The research shows us that early after the surgery aquatic physiotherapy allows comfortable normal movement particularly with walking and helps improve your muscle strength. 3 months after the surgery is another window of opportunity to push a bit harder with exercise and water based rehabilitation. Usually up to 12 months of rehabilitation and ongoing exercise is recommended but ongoing commitment to exercise and physical activity is important.

Folllow this link for further information on the research in hip and knee joint replacements.

I am scheduled to have a hip or knee joint replacement in a few months, is there any value in me doing aquatic physiotherapy before the operation?

It depends on your individual situation. In most circumstances, exercise to become a little stronger before the operation will be of benefit after the operation. Aquatic exercise is a comfortable way to exercise prior to your surgery except in situations where you are in extreme discomfort. For further information on the research in this area please see articles under the benefits and research in aquatic physiotherapy section.

What other options are available for water exercise groups for people with arthritis?

Outside aquatic physiotherapy sessions, general water exercise can be accessed via aqua fitness or aqua aerobic classes at your local pool. Arthritis Victoria also has a great program called WAVES that is run by volunteer leaders for people with arthritis. Always consult your doctor about the most suitable exercise for you.

For further information on Arthritis Victoria and other options see the aquatic physiotherapy and water exercise links on our useful links page.

What is the difference between an aqua aerobics or aqua fitness class and an aquatic physiotherapy session?

Most water fitness or aqua aerobics sessions are done in a class format in deeper water. Most participants are completing the same or similar fitness exercises for the whole session with general fitness or flexibility aims. The instructor can modify exercises you are having difficulty with. Group size with aqua aerobics can be 20 participants or more. This is a good option if you want to improve your fitness but speak to your doctor about whether this type of exercise is appropriate for you.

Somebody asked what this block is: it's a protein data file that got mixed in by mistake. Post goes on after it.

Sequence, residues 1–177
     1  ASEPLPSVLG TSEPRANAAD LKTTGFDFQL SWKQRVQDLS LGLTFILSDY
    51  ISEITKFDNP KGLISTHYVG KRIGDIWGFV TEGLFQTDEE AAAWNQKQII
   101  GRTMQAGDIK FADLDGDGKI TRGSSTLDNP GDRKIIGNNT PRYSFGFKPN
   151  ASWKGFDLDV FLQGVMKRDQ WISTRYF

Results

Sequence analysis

An aquatic physiotherapy session is based on an individual assessment before you start and is tailored specifically to your needs. A large proportion of aquatic physiotherapy exercise is done in the shallow part of the pool making the most of partially weight bearing strengthening exercises. The group size in aquatic physiotherapy sessions will usually be 6-8. Physiotherapists have extensive training around joints, muscles, coordination, motor control, posture, function and pathology as well as exercise.

Physiotherapists base their programs on clinical research and evidence. Aquatic Physiotherapists have further training on exercise in water and in conjunction with an individual assessment can target your pool-based exercises to get specific results. You can build on your progress with each session in a logical way to maximise your improvements.